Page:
Is Snow Ice Cream Safe to Eat?
Maybe, but you have to know how to choose the right white stuff
White, cold, freshly fallen snows begs to be lumped into snowballs — or sometimes, to be eaten. In some parts of the country, a treat known as snow cream (aka snow ice cream), made with fresh snow and a dairy-based liquid such as sweetened condensed milk, is popular. But is snow safe to eat?
Snow, no matter how white and fresh it looks, is hardly pure as, well, driven snow. In fact, the white stuff can become contaminated not only once it's on the ground but even on its journey from sky to earth.
“Air pollution can affect the cleanliness of snow in lots of ways, especially if there’s a large amount of dust present,” says Mark Williams, PhD, a professor of geography at the University of Colorado, Boulder. On windy days flakes can be especially filthy, since the moving air incorporates dirt and other particles into the swirl.
Once snow hits the ground, it can be contaminated with pesticides and other chemicals in the soil or plants it lands on.
Even so, ingesting small amounts of snow won’t hurt you. In fact, if you’re camping in the wilderness, snow can be a valuable resource. “I’ve been on hut trips in Colorado where all of the water used for drinking and cooking has been collected from the snow right outside and melted down on wood stoves,” explains Williams.
If you go foraging for snow to make snow ice cream, keep these factors in mind before you scoop some up.
Location. Snow that falls over large metropolitan areas is dirtier than, say, the stuff that lands in the mountains of Vermont. Cars are to blame. “Urban areas have more local sources of pollution, particularly black carbon from vehicle emissions,” explains Williams.
Color. If snow is gray, dirty-looking or, of course, yellow, stomp those boots on by. Stay away from pink snow, too. According to a report from the University of California at Santa Barbara (UCSB), a pinkish shade on snow is likely caused by red algae, which could contain potentially toxic bacteria.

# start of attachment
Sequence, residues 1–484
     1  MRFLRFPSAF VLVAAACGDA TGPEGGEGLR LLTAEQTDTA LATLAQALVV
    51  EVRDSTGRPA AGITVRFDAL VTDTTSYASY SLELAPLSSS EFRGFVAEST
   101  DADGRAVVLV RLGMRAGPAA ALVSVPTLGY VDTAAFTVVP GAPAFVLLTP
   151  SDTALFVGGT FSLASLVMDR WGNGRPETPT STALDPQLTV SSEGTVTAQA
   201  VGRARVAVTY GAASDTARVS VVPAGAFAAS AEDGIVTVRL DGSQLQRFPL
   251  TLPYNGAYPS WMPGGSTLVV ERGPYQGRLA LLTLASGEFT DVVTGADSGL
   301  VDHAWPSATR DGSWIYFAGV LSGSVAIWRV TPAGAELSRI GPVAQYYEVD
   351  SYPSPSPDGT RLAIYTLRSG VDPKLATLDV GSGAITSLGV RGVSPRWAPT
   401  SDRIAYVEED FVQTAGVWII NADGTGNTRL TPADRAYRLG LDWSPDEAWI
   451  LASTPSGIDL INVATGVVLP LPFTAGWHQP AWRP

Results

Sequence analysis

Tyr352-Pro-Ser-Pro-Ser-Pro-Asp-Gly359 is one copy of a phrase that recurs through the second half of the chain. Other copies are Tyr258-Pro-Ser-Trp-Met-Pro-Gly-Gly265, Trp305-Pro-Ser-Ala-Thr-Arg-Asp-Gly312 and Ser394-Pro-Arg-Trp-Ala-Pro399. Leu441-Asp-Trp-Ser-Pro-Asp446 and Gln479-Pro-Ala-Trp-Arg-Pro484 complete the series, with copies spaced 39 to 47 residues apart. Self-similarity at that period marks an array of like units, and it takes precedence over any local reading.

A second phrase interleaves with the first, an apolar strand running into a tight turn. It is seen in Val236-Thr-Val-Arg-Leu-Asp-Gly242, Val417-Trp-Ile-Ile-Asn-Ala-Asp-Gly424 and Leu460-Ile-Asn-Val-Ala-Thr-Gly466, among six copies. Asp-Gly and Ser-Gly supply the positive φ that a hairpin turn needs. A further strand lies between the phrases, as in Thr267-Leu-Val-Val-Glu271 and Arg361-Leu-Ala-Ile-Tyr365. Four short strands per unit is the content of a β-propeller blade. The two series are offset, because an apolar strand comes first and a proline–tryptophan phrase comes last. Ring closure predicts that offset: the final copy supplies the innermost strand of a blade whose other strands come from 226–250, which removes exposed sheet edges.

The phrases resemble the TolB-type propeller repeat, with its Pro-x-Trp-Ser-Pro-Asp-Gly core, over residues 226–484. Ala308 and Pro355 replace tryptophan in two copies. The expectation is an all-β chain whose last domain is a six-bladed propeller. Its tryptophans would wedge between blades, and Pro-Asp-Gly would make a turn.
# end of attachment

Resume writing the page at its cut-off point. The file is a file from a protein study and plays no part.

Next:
Timing. Where snow lands doesn’t always determine whether it’s edible. In fact, snow is just as "clean" on sidewalks as it is on your front lawn, according to Williams. But once it begins to melt and flow, contaminants are dragged into it.
Proximity to plowing. “Plows disturb the ground and mix all kinds of dirt into snow,” points out Williams. The same is true of shoveled snow piled up along sidewalks and driveways (oil and exhaust from nearby cars can leach harmful chemicals).
Once you find snow that looks good enough (and safe enough) to eat, scrape it from the surface into a clean bowl using a large clean kitchen spoon or measuring cup. Don't dig too deep. To make snow ice cream, mix in one cup of milk, a quarter cup of sugar and a teaspoon of vanilla and enjoy — right away, before it melts. (If it does, stick it in the freezer for a bit.)
Just don't gorge yourself. No matter how pure the snow you gather is, it still isn’t the same as the H2O that flows from the tap in your home. Snow is more like distilled water, which means it’s missing important electrolytes including salt and other minerals. According to the World Health Organization, drinking too much distilled water can cause an electrolyte imbalance, which may leave you with a headache, weakness, muscle cramps and fatigue.
Related: How Safe is Your Drinking Water?
“Once in a while, it’s absolutely okay to enjoy some snow,” says Williams. In fact, snowfall anywhere in the United States is of better quality than some municipal water systems, he adds.
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